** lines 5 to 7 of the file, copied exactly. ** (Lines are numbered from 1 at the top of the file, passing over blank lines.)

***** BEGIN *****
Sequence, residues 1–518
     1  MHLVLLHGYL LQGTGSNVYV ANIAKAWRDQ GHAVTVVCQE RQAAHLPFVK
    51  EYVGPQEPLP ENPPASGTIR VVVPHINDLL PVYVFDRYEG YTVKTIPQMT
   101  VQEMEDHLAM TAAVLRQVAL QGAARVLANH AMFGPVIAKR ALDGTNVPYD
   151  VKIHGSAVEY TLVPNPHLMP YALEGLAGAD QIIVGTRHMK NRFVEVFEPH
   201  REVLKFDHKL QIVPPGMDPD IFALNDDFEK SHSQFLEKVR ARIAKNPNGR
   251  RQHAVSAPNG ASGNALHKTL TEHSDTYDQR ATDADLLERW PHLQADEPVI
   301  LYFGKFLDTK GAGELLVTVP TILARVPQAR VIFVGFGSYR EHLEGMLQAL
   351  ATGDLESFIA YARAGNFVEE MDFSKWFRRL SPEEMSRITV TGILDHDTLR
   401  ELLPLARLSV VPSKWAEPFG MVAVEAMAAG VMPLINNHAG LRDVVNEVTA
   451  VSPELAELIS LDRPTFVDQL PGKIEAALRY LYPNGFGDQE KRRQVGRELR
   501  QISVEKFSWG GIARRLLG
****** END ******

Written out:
   151  VKIHGSAVEY TLVPNPHLMP YALEGLAGAD QIIVGTRHMK NRFVEVFEPH
   201  REVLKFDHKL QIVPPGMDPD IFALNDDFEK SHSQFLEKVR ARIAKNPNGR
   251  RQHAVSAPNG ASGNALHKTL TEHSDTYDQR ATDADLLERW PHLQADEPVI